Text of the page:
The third and final controller, controller 238, is a display controller. It is constructed the same as controller 234 and 236, but is dedicated to displaying data generated by the operator or the other controllers. This capability is provided by its own internal control program stored in its ROM memory. It includes a display device such as an LCD or electroluminescent display. It is coupled to the other controllers over CAN bus 240.
Controllers 234, 236, and 238 include internal digital control programs that control their operation. These programs are stored in the ROM memory of each controller. The programmed operation of each controller is discussed below.
During normal operation, controller 238 displays several data indicative of the vehicle's status. The first of these, the rotor speed, indicates the speed of the rotor. Controller 234 generates the rotor speed data from the rotor speed signal transmitted to controller 234 from rotor speed sensor 252. Controller 234 periodically calculates the rotor speed from the rotor speed signal and places this information on the CAN bus. The rotor speed is preferably calculated and placed on the CAN bus every 10 milliseconds.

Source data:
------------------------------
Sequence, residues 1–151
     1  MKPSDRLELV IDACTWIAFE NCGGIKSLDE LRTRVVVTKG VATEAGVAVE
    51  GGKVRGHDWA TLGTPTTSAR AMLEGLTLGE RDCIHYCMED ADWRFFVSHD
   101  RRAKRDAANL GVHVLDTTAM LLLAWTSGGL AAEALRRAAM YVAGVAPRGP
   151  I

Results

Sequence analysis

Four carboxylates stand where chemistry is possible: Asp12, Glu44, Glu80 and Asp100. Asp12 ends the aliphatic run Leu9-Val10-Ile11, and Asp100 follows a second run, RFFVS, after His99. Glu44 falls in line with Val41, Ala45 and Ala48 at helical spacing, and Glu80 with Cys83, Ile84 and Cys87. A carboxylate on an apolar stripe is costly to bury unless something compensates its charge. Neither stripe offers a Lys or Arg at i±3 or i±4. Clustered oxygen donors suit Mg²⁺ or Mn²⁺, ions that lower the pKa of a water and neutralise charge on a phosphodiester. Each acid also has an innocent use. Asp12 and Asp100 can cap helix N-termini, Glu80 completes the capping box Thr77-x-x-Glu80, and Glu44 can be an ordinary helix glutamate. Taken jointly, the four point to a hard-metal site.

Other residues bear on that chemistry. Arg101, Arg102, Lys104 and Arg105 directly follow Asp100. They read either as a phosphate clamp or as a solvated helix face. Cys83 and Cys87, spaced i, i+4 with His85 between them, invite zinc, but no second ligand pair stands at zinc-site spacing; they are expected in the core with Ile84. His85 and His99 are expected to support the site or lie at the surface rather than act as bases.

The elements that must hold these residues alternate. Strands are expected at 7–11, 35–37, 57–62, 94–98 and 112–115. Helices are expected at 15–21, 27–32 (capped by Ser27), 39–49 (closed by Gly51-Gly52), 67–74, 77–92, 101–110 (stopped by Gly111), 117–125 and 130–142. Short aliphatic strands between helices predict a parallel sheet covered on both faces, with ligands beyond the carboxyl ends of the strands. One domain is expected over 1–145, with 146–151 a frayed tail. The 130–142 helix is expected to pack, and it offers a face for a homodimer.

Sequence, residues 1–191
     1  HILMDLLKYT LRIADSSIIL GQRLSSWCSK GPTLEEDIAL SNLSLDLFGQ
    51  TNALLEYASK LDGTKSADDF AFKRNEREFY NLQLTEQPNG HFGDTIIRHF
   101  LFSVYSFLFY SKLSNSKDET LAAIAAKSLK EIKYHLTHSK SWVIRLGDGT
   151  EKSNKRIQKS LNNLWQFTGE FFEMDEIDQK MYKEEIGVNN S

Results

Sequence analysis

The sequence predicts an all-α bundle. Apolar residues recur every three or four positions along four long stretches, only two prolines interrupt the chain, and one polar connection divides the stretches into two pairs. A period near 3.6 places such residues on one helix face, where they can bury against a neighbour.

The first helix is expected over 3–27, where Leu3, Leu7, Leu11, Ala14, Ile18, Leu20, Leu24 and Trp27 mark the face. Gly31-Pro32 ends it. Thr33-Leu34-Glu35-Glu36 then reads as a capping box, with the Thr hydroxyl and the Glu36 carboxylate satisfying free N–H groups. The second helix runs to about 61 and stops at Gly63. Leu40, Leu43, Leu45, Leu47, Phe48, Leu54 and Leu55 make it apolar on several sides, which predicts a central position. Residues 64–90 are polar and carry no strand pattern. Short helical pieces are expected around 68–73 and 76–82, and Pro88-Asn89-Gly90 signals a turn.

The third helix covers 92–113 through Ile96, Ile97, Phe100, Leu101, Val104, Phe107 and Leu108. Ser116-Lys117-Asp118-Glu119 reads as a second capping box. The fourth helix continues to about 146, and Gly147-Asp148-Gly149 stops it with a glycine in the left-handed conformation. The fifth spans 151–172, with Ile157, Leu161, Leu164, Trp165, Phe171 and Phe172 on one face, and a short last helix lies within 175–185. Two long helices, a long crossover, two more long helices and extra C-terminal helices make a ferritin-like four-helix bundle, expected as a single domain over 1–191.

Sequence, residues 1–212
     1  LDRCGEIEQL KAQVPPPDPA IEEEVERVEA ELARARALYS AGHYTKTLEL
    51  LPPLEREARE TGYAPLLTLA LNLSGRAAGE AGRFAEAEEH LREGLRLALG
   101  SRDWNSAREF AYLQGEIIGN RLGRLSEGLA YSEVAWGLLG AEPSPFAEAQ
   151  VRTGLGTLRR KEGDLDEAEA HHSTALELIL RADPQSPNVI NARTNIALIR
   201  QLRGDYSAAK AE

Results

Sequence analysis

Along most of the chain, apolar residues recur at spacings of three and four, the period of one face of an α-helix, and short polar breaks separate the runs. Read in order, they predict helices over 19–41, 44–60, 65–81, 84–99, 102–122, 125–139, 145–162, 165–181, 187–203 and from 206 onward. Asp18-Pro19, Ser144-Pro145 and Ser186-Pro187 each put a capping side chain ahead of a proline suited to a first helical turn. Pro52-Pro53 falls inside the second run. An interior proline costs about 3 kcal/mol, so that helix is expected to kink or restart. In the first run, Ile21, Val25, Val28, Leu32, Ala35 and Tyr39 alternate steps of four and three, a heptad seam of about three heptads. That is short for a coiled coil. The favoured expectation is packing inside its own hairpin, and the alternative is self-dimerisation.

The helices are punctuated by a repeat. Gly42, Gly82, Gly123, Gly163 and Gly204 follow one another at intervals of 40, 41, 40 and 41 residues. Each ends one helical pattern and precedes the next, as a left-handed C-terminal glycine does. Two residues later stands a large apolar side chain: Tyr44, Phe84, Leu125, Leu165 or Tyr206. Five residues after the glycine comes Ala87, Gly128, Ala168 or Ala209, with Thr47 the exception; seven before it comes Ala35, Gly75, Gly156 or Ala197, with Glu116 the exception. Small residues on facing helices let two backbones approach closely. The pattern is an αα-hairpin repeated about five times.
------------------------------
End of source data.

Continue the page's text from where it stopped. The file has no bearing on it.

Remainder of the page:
Controller 238 is programmed to receive this rotor speed data over the CAN bus, and to translate them into display signals to drive its integral display. It applies the display signals to the display, thereby generating decimal digits on the display that represent the rotor speed. The display indicates the rotor speed as a sequence of decimal digits expressed in revolutions per minute.
Controller 238 also displays a range of rotor speeds the operator may select among. This range is displayed in the form of an upper and a lower limiting rotor speed. These limits are generated by controller 234 and are transmitted every 10 milliseconds over the CAN bus to controller 238.
Controller 238 receives these speed range signals, translates them into display signals to drive its integral display, and applies the signals to the display thereby generating decimal digits on the display that represent the upper and lower rotor speed limit values. These values are preferably expressed in revolutions per minute.
Controller 236 receives an increase-rotor-speed signal and a decrease-rotor-speed signal (also known as operator speed requests or commands) from operator input device 258. These signals are generated by input device 258 when the operator manipulates device 238. Controller 236 transmits these operator requests on the CAN bus.
Controller 234 receives these operator requests and determines whether or not to change the speed of the rotor in response. If it decides that the rotor speed can be changed, it raises or lowers the commanded (e.g. the target) rotor speed accordingly.